EXAMPLES 4 to 6 A similar series of experiments were carried out, measuring the time required for the paper sheet to become fully saturated with the aqueous treating solution by absorption from the surface of the solution. In this test, writing paper sheet of a surface-sized writing quality was tested, and the treating solutions were by weight aqueous solution of the polyoxyethylene glycol compositions shown in Table III. The paper sheet being tested was placed on top of the surface of the solution, kept in a transparent pan. A light source was applied beneath the pan, consisting of a strong fluorescent tube, mounted behind an opal glass plate. Then, the time required for the paper to become fully saturated with the treating solution was noted, by observation from the top. The untreated paper immediately after placing on the surface of the solution transmits considerably more light than the fully saturated paper sheet. Thus, the time is measured from the time the sheet is placed on the surface of the solution until the light is no longer visible to the same extent, and undergoes no further diminution in intensity. After 120 seconds, if the paper was still not saturated, the test was discontinued and the result taken as over 120 seconds.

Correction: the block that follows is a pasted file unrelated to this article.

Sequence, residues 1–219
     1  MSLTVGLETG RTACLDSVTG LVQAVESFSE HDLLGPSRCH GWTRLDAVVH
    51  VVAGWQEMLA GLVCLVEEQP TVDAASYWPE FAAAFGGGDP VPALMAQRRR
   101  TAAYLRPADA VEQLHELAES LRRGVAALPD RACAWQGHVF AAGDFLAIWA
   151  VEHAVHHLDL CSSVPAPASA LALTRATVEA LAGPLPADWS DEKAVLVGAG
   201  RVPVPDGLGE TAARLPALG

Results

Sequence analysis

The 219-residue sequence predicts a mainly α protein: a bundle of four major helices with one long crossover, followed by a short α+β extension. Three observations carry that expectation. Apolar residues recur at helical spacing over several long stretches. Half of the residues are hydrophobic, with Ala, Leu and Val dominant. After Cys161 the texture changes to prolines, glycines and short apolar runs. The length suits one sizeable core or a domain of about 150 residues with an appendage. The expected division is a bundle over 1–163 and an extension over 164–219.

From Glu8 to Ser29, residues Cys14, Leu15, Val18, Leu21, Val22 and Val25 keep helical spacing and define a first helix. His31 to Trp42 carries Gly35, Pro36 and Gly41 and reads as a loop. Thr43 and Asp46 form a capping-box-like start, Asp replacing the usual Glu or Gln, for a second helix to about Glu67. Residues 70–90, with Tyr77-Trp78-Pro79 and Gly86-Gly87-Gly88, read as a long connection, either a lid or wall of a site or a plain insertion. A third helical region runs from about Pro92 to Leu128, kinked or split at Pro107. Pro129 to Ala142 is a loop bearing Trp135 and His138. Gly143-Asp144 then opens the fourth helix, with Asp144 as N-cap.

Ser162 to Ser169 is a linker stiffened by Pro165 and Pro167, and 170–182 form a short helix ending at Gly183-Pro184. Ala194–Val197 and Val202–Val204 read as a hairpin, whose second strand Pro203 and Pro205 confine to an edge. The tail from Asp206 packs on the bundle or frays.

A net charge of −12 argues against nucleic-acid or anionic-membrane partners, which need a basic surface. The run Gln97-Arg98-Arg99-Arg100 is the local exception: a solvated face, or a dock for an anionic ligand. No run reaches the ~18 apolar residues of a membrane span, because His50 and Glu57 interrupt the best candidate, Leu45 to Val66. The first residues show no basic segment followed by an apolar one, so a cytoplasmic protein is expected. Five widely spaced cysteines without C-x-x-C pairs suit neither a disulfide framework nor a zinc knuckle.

The results are shown in Table III.
, containing It is evident from the data that in the case of each Control composition, more than seconds was required. for the paper to become fully saturated with the test solution. In contrast, when the polyoxyethylene-oxypropylene glycol block polymer was present in the composition, the absorption time ranged only from 3 to 5 seconds.
EXAMPLES 7 TO 20 Writing paper sheets of the same type as used in Examples 4 to 6 were tested according to the test procedure of Examples 4 to 6, using a wide range of proportions of the polyoxyethylene-oxypropylene glycol block polymer. The data obtained is shown in Table IV.